Ethnographers routinely employ pseudonyms and even mask the sites (e.g., street corner, neighborhood, city) of their research. This is usually justified as an ethical necessity, to protect our participants. In this talk, drawing from a paper I am co-authoring with Alexandra Murphy (Michigan), I challenge this justification and spell out some of the ways that masking can potentially harm research participants and impede social science research. Regarding ethics, I show, on the one hand, how masking often fails to provide the guaranteed degree of identity protection and, on the other hand, how research participants may have a very different understanding of what the researcher owes them that has little to do with whether or not they are named (e.g., portraying them as a human, not just a social type). Regarding scientific integrity, I argue that masking reifies ethnographic authority, invokes a pseudo-generalizability that downplays the particularities of the case (e.g., "Middletown"), and inhibits replicability (or "revisits"), falsifiability, or comparison. I conclude by arguing that masking is a convention, not an ethical or IRB necessity, and while I concede that there are many cases in which masking is the ethical choice, I contend that we should no longer consider it the default option.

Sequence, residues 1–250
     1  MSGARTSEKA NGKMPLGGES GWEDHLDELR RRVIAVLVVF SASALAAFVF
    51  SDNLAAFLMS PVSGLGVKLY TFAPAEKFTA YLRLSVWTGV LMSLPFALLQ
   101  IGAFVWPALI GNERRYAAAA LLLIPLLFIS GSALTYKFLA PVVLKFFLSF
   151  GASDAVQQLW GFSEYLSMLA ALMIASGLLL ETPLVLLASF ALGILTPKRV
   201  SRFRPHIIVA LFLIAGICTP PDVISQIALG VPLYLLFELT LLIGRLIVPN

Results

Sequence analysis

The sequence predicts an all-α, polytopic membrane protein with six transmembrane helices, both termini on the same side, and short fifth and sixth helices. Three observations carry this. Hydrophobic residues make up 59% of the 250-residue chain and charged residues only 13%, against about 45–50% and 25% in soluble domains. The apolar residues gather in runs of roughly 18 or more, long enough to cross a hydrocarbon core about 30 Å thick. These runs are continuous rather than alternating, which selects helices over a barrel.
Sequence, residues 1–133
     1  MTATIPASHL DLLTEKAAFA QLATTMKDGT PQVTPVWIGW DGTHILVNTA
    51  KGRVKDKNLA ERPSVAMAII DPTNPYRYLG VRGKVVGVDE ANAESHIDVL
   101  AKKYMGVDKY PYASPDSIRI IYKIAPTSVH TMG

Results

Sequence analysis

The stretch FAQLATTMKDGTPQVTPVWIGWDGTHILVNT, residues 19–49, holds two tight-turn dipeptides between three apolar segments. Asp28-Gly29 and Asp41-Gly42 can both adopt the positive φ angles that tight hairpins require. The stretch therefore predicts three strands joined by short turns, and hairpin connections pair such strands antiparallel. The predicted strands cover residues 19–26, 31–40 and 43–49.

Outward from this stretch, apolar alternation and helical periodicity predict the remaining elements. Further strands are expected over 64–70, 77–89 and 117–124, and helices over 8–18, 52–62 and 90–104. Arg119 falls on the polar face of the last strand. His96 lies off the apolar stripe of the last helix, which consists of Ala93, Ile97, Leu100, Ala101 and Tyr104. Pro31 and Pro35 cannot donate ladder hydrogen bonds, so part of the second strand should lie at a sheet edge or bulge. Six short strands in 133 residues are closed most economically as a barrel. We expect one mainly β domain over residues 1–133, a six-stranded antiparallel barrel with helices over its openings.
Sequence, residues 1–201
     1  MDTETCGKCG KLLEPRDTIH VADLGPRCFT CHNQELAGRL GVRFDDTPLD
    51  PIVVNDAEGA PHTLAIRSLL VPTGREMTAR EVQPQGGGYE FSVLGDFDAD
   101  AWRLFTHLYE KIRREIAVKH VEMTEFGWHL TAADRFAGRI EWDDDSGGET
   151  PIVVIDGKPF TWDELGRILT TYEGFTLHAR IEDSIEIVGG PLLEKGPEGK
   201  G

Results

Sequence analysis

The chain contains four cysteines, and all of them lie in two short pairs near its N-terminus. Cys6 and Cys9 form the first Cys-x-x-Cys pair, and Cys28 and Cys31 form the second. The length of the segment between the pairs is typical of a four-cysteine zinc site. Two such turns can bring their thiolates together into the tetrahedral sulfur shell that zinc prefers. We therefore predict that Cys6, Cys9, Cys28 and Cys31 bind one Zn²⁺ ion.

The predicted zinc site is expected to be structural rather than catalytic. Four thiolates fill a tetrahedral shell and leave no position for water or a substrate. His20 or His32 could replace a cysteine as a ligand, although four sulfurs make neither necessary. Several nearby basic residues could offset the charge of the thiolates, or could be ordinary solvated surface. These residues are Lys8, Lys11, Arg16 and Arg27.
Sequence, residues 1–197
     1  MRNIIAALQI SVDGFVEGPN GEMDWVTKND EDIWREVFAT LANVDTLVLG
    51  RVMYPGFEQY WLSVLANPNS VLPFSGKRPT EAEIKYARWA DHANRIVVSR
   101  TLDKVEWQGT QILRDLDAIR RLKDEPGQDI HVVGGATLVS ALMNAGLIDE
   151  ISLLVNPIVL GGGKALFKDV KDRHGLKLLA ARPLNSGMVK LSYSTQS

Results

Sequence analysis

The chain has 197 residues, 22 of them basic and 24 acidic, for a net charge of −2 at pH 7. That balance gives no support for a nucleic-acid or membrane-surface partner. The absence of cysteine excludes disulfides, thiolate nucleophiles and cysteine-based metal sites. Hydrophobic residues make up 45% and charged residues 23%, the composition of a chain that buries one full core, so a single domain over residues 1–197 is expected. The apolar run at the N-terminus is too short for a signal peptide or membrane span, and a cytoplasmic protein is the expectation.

Colin Jerolmack is an associate professor of sociology and environmental studies at NYU. He is currently writing a book about how shale gas extraction ("fracking") impacts rural community life.